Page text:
You’ve barracked for a team all your life.
You were officially made a member just weeks after birth and have been there for some big wins. Now it’s loss time, and not only for the main players.
Our team was at its worst when it shuffled and switched our main men around — instead of dropping them from the side or sending them to the interchange bench or seeking aid for their ailments.
Our leaders were showing anything but leadership.
As a (shocked) supporter, do you jump ship, change colours, run away from your love (the team) and move on?
Some will, but I’m staying put.
Why? Simply, because the Catholic Church — moreso the faith I have, the belief I have there is a God and an afterlife and the good feeling I get from attending various ceremonies — gives me much, spiritually and emotionally.
Many shocking, despicable things have happened in the Church, but the wrongdoers are individuals. Good men and women are now suffering because of it. So is “the team”.
I am not a fanatical barracker, not yelling from the grandstand or the outer and missing matches.
However, I say a prayer or three privately (the last before bed) and do feel “empty” if I go too long without a Mass fix. I love visiting a cathedral, church or chapel, for some time out, peace and a yarn with “The Boss”.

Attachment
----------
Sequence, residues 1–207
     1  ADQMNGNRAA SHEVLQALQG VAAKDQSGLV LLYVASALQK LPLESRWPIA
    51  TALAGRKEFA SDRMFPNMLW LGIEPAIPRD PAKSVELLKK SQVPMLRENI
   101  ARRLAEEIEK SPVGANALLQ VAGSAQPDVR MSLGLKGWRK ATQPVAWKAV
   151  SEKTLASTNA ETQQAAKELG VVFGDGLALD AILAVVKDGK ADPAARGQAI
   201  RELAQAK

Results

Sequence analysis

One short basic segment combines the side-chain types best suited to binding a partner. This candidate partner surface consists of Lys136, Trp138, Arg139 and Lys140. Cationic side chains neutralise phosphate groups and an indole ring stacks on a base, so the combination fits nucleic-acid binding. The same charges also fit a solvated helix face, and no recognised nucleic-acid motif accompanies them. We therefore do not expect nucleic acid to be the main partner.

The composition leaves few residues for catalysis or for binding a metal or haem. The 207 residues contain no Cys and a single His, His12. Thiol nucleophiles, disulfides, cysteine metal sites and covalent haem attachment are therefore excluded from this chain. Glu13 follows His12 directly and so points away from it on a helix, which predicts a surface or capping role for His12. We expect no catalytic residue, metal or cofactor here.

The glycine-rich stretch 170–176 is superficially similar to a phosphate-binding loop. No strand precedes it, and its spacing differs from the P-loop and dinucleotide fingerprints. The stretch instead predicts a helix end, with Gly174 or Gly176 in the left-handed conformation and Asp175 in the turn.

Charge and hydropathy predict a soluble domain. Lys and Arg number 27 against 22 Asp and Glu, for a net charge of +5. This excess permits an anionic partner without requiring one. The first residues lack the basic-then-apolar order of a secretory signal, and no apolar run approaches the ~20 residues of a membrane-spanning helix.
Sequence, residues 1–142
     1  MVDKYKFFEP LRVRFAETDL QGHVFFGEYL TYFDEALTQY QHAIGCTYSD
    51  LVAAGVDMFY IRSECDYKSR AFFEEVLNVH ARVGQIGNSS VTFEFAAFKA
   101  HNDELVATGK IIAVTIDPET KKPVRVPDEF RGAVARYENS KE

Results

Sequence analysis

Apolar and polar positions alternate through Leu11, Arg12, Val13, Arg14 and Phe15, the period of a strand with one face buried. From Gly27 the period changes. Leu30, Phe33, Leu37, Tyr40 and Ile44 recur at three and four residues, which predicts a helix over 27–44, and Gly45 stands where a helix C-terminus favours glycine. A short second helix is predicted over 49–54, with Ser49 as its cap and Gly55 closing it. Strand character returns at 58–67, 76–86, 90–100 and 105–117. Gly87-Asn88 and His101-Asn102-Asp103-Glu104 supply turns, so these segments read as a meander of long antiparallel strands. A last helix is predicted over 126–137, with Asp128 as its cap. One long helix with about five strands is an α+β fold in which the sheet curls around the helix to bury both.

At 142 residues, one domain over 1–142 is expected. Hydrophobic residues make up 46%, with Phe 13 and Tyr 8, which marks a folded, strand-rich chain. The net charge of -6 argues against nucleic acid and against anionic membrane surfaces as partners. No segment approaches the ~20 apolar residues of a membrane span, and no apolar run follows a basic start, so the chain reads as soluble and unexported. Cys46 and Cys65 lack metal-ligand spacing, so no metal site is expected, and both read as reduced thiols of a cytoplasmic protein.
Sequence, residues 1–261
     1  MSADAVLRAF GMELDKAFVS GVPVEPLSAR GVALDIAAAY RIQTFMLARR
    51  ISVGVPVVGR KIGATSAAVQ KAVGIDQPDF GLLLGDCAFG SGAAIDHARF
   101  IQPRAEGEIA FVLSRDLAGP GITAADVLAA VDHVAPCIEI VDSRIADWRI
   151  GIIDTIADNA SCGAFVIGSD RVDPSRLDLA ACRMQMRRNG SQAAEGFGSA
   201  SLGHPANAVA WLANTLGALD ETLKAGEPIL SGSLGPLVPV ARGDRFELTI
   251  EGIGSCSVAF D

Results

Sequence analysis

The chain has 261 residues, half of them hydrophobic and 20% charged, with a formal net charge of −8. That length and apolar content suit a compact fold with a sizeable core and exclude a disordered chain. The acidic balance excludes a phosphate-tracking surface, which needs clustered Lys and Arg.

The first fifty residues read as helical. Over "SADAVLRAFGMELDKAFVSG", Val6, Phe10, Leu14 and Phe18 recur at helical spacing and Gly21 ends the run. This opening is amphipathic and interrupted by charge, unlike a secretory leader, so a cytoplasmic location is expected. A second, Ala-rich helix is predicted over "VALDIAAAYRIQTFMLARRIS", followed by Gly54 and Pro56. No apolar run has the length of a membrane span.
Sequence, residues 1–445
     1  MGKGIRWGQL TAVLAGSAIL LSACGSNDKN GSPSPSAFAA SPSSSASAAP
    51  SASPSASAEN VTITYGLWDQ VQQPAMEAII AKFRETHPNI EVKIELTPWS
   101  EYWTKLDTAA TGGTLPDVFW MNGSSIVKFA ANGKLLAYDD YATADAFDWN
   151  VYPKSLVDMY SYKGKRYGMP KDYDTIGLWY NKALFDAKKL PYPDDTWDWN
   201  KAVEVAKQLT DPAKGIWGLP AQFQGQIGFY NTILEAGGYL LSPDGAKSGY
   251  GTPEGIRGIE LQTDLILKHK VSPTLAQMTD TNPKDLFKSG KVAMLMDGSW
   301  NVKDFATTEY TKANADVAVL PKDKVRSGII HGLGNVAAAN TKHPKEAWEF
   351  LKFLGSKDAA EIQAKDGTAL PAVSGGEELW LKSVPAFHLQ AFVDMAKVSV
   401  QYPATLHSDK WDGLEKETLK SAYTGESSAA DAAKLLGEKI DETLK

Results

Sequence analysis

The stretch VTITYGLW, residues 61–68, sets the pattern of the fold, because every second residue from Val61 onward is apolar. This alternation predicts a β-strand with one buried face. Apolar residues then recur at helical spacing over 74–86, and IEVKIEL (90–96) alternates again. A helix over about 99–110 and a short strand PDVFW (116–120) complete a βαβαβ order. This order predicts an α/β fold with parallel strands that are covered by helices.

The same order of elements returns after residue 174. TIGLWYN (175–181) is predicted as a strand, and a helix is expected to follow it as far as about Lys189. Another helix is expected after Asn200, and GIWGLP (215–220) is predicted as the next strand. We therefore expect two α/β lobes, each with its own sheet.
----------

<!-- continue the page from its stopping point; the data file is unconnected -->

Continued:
To see the Catholic Church at its best, pop into one at Christmas or Easter, the latter a season of 40 days of fasting and penance (many would say rather ironic timing in view of current matters). But the biggest “feel-good” event is midnight Mass on Christmas Eve/Day — a joyous occasion which attracts even non-believers.
For every rotten apple, there is an orchard of good, great people.
I know, as I have worked with them, spent time with them, watched and listened to them, and, for a year, lived with them.
Look at all the hospitals, aged homes, orphanages, schools, charities, handout organisations and so on the Catholic Church runs. That’s why I am with them.
And if you haven’t got faith and belief in something/someone, then what have you got?
So after 65 years of being a Mick, I’m staying put — wearing the colours for however many winters I’ve left to watch in this game of life.